Models are quantitative formulations of assumptions regarding key physical processes, their mathematical representations, and site-specific relevant properties at a particular scale of analysis. Models are fused with data in a two-way process that uses information contained in observational data to refine models and the context provided by models to improve information extraction from observational data. This process of model-data fusion leads to improved understanding of hydrological processes by providing improved estimates of parameters, fluxes, and states of the vadose zone system of interest, as well as of the associated uncertainties of these values. Notwithstanding recent progress, there are still numerous challenges associated with model-data fusion, including: (i) dealing with the increasing complexity of models, (ii) considering new and typically indirect measure-ments, and (iii) quantifying uncertainty. This special section presents nine contributions that address the state of the art of model-data fusion.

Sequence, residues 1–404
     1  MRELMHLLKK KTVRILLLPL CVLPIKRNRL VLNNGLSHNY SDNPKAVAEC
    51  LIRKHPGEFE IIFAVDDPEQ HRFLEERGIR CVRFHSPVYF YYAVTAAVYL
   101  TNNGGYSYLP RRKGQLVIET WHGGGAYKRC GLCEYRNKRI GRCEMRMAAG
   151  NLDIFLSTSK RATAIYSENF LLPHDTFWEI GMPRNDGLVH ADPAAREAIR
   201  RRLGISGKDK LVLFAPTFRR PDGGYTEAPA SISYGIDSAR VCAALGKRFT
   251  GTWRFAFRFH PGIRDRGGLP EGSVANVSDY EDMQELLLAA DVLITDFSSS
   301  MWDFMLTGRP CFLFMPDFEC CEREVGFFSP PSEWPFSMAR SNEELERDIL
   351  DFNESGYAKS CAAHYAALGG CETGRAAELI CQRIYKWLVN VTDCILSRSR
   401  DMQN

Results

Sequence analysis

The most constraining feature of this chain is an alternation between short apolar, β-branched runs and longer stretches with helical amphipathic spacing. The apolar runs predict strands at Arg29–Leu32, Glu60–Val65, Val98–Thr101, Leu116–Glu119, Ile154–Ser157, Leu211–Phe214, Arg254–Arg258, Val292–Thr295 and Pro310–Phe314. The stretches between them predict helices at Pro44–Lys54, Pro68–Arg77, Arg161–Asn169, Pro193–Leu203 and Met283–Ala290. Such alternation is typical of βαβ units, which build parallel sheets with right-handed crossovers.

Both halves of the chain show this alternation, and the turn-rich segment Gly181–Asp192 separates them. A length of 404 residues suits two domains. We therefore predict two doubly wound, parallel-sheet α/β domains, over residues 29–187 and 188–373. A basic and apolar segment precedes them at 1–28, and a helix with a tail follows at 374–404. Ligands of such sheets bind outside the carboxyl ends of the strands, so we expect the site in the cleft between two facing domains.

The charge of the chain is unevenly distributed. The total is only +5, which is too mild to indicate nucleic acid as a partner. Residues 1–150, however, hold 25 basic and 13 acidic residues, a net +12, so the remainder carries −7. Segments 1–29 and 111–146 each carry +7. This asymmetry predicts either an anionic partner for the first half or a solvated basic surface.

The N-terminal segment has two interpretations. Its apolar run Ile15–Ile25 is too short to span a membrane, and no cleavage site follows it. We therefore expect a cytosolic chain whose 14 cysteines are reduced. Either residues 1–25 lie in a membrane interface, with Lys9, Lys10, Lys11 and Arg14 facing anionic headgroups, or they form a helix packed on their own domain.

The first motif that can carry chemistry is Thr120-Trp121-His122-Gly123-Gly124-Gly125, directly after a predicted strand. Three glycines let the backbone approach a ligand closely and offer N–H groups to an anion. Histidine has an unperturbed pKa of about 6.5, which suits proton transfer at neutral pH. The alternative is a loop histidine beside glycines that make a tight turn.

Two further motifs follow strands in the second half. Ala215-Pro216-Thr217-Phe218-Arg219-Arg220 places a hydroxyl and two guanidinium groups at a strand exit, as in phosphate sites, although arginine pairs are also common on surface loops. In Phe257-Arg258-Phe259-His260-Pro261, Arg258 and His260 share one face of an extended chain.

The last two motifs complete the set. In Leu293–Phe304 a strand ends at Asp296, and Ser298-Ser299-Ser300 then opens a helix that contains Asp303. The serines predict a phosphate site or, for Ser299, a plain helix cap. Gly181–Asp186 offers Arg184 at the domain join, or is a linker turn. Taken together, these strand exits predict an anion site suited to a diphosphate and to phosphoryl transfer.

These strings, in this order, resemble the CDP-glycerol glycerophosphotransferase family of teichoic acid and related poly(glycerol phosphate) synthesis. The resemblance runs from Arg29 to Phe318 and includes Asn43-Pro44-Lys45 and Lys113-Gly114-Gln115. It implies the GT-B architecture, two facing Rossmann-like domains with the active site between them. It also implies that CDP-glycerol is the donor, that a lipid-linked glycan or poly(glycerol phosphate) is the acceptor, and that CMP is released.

ASJC Scopus subject areas
- Soil Science